So, if you’ve always wanted to have fun in a little Fiat 500, but wanted to be able to carry more than 2 people, the 500L is certainly not a bad choice.

Behind the Wheel: 2014 Audi A4 Wagon (Diesel)

Audi A4 WagonEarlier this year I found myself over in Florence, Italy, with family and I needed to rent a car to go for a day trip. Although I normally don’t splurge on rental cars, in this case we decided to go for a “luxury” rental – both as a slight treat to ourselves, and because we didn’t want to be crammed into an itty-bitty little car.

So, what should pull up in front of the rental place but a 2014 Audi A4 wagon… with a diesel engine, no less!

Right off the bat this car surprised me – the diesel was excellent – smooth and quiet, to the point where at first I didn’t realize it was a diesel! Highway driving was easy, but uninspiring. Plenty of power on tap from the diesel engine, but it isn’t overwhelming – or exciting. That said, it’s got more than enough “oomph” for near effortless passing at speed. City driving was also surprisingly nimble, though in Italy – and especially in the narrow streets of Florence – the A4 was almost too big.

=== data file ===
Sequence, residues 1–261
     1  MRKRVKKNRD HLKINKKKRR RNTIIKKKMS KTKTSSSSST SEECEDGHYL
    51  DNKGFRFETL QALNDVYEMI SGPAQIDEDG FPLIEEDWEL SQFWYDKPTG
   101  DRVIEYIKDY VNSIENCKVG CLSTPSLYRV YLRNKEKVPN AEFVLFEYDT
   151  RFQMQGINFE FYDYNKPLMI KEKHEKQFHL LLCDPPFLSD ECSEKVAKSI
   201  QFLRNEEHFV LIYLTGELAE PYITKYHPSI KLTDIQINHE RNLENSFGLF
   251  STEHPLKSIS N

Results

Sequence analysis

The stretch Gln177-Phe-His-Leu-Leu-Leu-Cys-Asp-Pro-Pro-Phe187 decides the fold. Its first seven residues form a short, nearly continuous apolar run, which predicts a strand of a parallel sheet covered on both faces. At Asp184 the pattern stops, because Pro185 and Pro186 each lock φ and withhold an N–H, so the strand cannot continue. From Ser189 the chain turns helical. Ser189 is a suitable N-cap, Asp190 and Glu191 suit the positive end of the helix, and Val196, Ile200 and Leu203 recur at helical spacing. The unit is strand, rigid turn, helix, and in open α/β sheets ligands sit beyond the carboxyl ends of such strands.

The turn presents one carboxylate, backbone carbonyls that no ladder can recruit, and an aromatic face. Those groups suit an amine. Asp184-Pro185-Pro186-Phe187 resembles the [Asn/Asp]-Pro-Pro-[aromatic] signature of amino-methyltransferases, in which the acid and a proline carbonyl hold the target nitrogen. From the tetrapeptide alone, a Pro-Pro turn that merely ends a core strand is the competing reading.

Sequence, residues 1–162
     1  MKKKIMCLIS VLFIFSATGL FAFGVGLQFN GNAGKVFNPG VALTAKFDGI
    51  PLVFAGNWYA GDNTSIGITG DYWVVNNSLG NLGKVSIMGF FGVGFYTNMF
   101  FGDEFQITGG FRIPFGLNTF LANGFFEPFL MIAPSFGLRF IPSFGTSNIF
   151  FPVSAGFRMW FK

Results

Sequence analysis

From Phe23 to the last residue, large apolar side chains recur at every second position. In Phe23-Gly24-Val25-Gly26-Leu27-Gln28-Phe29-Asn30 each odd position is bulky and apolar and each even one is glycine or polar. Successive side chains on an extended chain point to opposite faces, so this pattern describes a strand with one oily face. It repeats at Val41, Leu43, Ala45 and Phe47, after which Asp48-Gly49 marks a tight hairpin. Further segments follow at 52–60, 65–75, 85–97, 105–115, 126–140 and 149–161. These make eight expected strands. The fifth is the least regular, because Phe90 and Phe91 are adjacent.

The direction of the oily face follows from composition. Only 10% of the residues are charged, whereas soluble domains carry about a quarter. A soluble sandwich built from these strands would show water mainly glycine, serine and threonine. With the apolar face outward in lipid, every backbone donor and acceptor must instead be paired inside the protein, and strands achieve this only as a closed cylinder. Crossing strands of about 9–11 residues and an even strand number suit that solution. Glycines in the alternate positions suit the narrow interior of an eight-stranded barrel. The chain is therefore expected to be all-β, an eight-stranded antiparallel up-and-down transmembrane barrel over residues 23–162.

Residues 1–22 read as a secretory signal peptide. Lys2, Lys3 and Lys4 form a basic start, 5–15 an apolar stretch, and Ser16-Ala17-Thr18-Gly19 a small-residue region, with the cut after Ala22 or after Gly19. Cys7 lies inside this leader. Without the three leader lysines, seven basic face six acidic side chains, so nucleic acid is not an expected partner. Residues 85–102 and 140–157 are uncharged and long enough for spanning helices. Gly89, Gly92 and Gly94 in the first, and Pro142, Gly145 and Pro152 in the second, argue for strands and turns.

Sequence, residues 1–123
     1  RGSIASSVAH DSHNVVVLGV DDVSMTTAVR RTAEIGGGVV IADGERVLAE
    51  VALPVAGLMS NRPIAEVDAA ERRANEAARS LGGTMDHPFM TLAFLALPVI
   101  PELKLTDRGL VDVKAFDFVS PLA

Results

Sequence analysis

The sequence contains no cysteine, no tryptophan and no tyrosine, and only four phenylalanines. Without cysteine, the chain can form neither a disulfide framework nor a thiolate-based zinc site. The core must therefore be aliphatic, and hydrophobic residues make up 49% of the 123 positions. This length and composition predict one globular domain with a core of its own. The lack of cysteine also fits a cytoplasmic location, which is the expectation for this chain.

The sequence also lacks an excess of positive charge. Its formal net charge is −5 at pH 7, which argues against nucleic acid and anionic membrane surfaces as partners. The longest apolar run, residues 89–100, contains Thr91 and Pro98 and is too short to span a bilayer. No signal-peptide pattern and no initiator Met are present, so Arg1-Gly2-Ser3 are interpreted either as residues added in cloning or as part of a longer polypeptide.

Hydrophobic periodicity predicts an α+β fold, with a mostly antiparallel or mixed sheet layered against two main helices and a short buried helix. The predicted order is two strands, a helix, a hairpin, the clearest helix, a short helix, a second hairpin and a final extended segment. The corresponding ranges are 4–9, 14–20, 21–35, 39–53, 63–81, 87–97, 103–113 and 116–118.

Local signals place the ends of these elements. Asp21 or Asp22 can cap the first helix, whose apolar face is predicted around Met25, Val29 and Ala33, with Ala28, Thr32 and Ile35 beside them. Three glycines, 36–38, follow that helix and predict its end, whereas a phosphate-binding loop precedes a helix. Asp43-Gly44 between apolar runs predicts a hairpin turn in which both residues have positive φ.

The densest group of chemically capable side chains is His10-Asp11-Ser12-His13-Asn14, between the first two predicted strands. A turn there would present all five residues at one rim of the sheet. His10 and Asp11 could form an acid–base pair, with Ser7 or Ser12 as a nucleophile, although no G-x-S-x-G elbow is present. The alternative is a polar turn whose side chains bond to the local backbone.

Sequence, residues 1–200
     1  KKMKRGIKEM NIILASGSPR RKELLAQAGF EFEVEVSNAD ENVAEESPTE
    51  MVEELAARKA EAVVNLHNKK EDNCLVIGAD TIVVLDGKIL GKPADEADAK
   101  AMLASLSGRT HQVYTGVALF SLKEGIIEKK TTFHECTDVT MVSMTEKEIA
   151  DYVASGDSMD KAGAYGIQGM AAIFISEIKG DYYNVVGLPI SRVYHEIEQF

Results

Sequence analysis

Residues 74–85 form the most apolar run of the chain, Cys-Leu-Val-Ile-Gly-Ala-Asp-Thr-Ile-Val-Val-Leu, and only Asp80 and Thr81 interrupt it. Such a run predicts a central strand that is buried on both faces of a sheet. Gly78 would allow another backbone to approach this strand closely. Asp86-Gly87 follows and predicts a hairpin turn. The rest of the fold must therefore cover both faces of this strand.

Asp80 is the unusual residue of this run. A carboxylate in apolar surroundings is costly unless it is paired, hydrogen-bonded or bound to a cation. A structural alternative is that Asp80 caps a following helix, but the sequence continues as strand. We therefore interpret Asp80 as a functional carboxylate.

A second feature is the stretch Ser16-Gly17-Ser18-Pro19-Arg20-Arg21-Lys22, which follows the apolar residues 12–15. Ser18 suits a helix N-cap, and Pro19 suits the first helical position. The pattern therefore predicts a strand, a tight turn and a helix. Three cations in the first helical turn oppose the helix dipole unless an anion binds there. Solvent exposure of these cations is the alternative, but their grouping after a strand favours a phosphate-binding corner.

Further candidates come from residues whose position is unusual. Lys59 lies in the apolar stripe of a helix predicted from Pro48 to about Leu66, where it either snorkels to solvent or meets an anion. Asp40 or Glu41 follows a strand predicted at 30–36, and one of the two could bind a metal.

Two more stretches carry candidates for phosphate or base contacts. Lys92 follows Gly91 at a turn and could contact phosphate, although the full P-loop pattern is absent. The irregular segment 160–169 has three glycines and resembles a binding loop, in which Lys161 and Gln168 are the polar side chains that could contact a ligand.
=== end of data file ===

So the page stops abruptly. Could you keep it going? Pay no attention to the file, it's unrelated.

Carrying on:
The interior was a very comfortable place to be – and it carried 4 adults on a long road trip up to the Chianti region with no fuss at all. I can definitely understand why people like this sort of car as a daily driver – it’s comfortable, the in-dash navigation is great, and it has plenty of room inside.

On the other hand, it’s not exactly what you’d call a “driver’s car.” Although there was plenty of power from the diesel, there wasn’t exactly an abundance of it, either. Everything about how it drives was smooth, gentle, and reassuring – not in the least bit exciting.

All in all, not a bad car by any means, and one I’d happily drive again as a rental, but not one I’d want to own.

The Game of “Getting Lost”

Confused Yet?

I had the day off from work today (Columbus Day in the US) and since it’s been unseasonably warm lately, I decided to jump in the car, go for a drive, and “get lost.”

“Getting Lost” is a game I began playing with my friends back when I first got my driver’s license. The rules of the game are very simple:

  • Pick a direction and start driving
  • Whenever you have a choice of which way to go, go the way you have never been before (or the way you don’t know where it goes)
  • No turning around (unless you can’t go any further)
  • No using maps (or, these days, GPS)
  • Always come to a complete stop at all stop signs

OK, so that last rule is a bit of a gag rule from when I was young and still learning to drive properly – but hey, you’re supposed to do that anyway, so it’s a good reminder.